Sustainable Urban Design: Educator’s Toolkit for Project-Based Learning, page 4 of 20

A photo of a teacher and student planting a tree
© Aaron Coury/TNC

Introduction: Why Should Educators Get Involved?

From small to large-scale projects, students can be part of an important and immensely educational process. Green infrastructure projects can provide the means to fully engage students in the science and engineering practices identified by the Next Generation Science Standards. From start to finish, students must analyze challenges and design and evaluate solutions to those challenges. Additionally, through engagement with these projects, students may gain exposure to the civic processes related to permitting, policy-making, and calculating economic constraints, while having firsthand opportunities to work with city, county, and/or state officials. By working with the community and other stakeholders, students gain experience soliciting community feedback on the projects that are most important to community members. The community members targeted might be the students themselves or neighbors, business owners, city officials, and/or school administrators. Secondly, these projects provide the opportunity for students to work with community partners and other experts in the design and implementation of the projects. These partnerships might pave the way for future work and even mentoring on behalf of the community organizations.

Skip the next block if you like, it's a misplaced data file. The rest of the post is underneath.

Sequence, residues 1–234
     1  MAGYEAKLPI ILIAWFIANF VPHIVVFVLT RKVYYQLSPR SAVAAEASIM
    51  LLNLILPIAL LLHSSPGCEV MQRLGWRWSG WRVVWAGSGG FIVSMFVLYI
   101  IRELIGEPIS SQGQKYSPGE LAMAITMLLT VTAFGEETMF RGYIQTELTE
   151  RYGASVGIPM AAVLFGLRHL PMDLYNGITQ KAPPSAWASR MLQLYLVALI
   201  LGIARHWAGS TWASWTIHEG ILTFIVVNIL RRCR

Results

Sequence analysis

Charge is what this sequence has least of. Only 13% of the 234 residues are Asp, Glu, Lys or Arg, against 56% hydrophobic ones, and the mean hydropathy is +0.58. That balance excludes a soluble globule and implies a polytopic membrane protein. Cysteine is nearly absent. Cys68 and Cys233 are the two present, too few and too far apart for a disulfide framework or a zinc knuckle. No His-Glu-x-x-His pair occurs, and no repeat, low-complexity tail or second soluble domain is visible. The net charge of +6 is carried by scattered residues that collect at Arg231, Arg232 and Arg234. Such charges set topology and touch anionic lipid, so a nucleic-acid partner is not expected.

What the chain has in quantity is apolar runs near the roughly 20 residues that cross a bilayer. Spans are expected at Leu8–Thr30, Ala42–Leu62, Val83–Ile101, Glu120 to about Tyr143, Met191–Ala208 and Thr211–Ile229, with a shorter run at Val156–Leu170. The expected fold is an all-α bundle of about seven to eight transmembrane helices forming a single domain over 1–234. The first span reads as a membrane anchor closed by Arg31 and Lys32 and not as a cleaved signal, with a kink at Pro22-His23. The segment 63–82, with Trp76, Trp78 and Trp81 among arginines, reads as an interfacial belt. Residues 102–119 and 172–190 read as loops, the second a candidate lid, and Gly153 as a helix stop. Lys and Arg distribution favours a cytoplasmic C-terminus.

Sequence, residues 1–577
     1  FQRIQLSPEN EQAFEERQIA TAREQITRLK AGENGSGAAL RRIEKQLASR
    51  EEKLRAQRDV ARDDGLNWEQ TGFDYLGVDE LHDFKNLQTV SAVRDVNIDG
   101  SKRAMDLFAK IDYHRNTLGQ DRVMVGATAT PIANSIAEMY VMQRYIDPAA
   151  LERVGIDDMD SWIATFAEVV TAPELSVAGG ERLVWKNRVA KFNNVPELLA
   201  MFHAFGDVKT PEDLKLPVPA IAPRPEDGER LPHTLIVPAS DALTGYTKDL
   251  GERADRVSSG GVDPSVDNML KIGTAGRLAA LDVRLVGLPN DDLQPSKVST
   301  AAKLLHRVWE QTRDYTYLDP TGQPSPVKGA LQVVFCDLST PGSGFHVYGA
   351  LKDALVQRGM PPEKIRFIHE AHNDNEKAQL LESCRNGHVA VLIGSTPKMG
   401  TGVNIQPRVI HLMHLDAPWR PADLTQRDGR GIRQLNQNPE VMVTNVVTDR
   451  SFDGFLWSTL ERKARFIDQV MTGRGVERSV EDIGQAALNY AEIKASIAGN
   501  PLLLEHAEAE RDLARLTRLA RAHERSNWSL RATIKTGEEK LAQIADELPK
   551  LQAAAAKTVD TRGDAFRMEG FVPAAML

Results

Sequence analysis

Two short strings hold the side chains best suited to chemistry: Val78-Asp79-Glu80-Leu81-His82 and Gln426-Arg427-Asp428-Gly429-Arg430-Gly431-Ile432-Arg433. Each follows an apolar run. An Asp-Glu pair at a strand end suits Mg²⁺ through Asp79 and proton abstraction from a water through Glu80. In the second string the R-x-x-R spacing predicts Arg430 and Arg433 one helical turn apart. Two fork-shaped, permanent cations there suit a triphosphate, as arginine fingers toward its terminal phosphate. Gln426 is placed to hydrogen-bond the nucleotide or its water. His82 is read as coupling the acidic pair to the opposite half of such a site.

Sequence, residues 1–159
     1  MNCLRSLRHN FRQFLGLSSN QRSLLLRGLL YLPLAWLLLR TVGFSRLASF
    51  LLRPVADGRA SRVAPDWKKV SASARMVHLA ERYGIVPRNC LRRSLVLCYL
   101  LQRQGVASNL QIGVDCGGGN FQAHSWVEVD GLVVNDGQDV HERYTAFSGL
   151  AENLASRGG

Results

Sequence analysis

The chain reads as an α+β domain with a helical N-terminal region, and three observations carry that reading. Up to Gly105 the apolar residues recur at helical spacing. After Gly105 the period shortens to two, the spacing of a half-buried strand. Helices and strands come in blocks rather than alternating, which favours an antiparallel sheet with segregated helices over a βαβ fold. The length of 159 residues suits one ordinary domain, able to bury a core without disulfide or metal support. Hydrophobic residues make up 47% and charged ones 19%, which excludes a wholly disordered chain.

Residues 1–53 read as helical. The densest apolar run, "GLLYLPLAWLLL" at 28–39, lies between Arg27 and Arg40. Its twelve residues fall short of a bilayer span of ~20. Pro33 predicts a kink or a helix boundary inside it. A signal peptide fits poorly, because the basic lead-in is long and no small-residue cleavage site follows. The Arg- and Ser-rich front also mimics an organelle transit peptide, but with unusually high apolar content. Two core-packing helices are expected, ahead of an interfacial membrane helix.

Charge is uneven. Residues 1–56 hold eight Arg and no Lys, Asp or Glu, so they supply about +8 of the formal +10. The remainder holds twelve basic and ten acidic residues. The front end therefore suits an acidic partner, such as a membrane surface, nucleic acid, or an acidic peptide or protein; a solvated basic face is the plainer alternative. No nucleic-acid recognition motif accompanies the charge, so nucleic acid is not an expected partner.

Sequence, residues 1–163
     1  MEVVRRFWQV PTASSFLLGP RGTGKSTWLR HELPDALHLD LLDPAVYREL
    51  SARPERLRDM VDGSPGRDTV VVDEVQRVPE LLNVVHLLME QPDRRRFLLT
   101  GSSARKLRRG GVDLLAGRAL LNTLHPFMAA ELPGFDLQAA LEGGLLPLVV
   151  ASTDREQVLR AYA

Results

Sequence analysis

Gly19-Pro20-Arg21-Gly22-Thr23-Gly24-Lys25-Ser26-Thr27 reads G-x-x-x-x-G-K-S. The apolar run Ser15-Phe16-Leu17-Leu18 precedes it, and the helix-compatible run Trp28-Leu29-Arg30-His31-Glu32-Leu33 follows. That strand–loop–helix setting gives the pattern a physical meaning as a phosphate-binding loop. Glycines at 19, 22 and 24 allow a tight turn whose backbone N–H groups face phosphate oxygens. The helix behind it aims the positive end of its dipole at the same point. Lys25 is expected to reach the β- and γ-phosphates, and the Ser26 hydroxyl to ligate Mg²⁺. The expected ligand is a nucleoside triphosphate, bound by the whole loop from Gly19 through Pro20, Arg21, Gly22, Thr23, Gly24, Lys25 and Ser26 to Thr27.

Service learning is an essential part of a 21st century education and, by participating in community improvement through these projects, students become empowered through new knowledge and skills. Green infrastructure projects also provide an excellent route to place-based learning in an urban environment. Students can take pride in the positive outcomes of the projects while learning that they have a vital role in shaping their communities and promoting sustainability. Projects that begin at school have the potential to inspire work in the larger community and forge broader partnerships across the city.

Lastly, educators can use these projects to create outdoor learning spaces that last beyond initial project implementation. Green spaces can be used to measure and track data over time and to contribute data to citizen science platforms like those found on Habitat Network. More detailed information on all of these topics can found throughout this toolkit.

For Further Learning